A Picture or a Photograph?
By Ron Rosenberg
To be a photographer in the "olden days" you needed a camera and film. You took some pictures, sent the film off to a lab to be processed, and waited a few weeks until the negatives and prints were returned.
Over time, the concept of "one-hour photo" became reality, and you could simply drop off your film and pick up your final copies an hour later. There was also the option of "instant film" with Polaroid cameras where you could take a picture, and the camera would spit out the print that would be ready to view in a minute or so.
If you were a professional or a dedicated hobbyist, you would have access to a darkroom - a special room sealed off from outside light - where you could develop your own film, and, using a photo-enlarger (and some pretty nasty chemicals), turn the resulting negatives into final prints.
Beginning in late 1990s, digital cameras were introduced into the consumer market. Instead of using light-sensitive film to record the images, these cameras used electronic photoelectric sensors.
In the late 2000s, digital cameras were incorporated into mobile phones, making it easy and convenient for anyone to take pictures.
Professional photographers were slow to adopt this new technology, but ultimately embraced it for the ease of use and ability to be creative in what's called "post processing."
So Everyone's a Photographer Now?
Yes. And no. You see, there's more involved here than just technology. A good photograph has many different components, including composition, lighting, and technical accuracy.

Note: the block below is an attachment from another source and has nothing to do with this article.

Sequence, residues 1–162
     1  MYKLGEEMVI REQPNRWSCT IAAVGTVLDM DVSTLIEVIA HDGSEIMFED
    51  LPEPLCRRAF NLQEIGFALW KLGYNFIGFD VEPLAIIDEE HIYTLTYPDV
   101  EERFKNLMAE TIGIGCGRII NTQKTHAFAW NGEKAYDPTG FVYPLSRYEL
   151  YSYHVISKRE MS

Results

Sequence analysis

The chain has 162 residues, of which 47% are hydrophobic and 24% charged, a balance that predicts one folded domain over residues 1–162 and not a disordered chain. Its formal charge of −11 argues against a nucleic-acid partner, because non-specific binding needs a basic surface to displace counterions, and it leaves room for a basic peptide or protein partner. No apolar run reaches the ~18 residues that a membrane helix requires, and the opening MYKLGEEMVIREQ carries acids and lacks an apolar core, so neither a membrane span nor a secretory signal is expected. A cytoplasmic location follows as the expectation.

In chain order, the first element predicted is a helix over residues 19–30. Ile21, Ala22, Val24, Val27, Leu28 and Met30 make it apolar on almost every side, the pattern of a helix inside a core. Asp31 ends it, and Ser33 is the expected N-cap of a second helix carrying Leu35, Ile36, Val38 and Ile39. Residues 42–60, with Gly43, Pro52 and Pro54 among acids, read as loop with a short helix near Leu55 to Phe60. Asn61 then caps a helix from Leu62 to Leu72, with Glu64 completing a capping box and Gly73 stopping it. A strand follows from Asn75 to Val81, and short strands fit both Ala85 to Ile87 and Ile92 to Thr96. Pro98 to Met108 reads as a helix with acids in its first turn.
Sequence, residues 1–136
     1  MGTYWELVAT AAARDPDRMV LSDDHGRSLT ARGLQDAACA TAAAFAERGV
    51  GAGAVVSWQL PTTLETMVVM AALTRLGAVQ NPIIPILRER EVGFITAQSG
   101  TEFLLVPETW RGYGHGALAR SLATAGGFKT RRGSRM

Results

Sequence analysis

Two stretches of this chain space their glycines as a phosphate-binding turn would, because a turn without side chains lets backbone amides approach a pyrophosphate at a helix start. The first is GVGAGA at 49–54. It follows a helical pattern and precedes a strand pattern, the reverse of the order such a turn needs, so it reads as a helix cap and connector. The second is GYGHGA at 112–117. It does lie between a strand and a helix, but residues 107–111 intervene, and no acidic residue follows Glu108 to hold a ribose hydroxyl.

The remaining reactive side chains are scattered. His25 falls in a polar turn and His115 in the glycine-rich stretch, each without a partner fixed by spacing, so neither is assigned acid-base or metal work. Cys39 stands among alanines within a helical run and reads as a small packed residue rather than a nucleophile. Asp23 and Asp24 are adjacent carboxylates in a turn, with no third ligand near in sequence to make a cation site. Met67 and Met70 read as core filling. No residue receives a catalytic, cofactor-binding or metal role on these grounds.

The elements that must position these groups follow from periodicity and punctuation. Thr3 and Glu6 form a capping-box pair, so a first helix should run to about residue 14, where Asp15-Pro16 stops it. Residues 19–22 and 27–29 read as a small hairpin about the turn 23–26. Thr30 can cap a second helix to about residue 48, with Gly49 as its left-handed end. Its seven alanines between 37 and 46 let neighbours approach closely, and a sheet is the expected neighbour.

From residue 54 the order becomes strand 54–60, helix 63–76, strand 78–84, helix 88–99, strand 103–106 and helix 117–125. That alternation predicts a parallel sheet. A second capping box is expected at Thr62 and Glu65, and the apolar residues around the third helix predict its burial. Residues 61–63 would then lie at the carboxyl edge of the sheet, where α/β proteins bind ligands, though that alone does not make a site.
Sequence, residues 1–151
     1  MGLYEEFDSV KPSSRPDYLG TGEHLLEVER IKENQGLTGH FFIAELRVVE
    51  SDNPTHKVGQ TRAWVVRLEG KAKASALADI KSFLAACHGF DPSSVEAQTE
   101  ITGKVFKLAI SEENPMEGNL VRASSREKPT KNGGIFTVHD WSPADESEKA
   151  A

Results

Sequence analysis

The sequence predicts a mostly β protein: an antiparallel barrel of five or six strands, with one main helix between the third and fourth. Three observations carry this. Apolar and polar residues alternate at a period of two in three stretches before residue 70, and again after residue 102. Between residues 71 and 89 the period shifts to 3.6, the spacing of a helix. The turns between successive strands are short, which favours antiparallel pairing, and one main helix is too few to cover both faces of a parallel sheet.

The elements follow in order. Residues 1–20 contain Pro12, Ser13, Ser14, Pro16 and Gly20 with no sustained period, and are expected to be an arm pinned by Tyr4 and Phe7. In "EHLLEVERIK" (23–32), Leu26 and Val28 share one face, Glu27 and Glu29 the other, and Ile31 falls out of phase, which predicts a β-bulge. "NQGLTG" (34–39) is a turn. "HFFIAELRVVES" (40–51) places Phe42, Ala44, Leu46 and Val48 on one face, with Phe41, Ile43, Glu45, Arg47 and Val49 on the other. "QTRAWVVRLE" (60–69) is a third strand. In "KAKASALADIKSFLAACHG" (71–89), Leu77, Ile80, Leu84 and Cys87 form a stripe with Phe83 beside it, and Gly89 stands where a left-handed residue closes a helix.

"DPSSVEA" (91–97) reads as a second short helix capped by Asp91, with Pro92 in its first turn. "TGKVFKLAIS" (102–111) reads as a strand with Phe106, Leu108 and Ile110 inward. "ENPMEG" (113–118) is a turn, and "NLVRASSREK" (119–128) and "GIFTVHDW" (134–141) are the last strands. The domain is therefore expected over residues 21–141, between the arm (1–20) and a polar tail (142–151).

None of this has changed with the transition from film to digital.
And what used to be done in terms of creative enhancement in the darkroom is now done digitally with programs like Lightroom and Photoshop.
Which brings us to the important question...
Is it a Picture or a Photograph?
Take out your smartphone and take a selfie. Great, you have a picture - a snapshot in time that captures some random event.
But does it convey a feeling? Does it tell a story? Does it evoke powerful emotions? Because these are the characteristics that turn a picture into a photograph.
And it has very little to do with the equipment being used - I've seen stunningly beautiful photos taken with iPhones, and equally disappointing pictures taken with $5,000 professional-grade cameras.
Is Your Life a Photograph?
The same distinction can be applied in your life. Are your days just a collection of random uninspired snapshots? Or do they create an album of deliberate, impactful, and thoughtfully composed images that affect other people's lives in a meaningful way?
If you look at your life with this distinction in mind, you will be able to add more value to everything you do.
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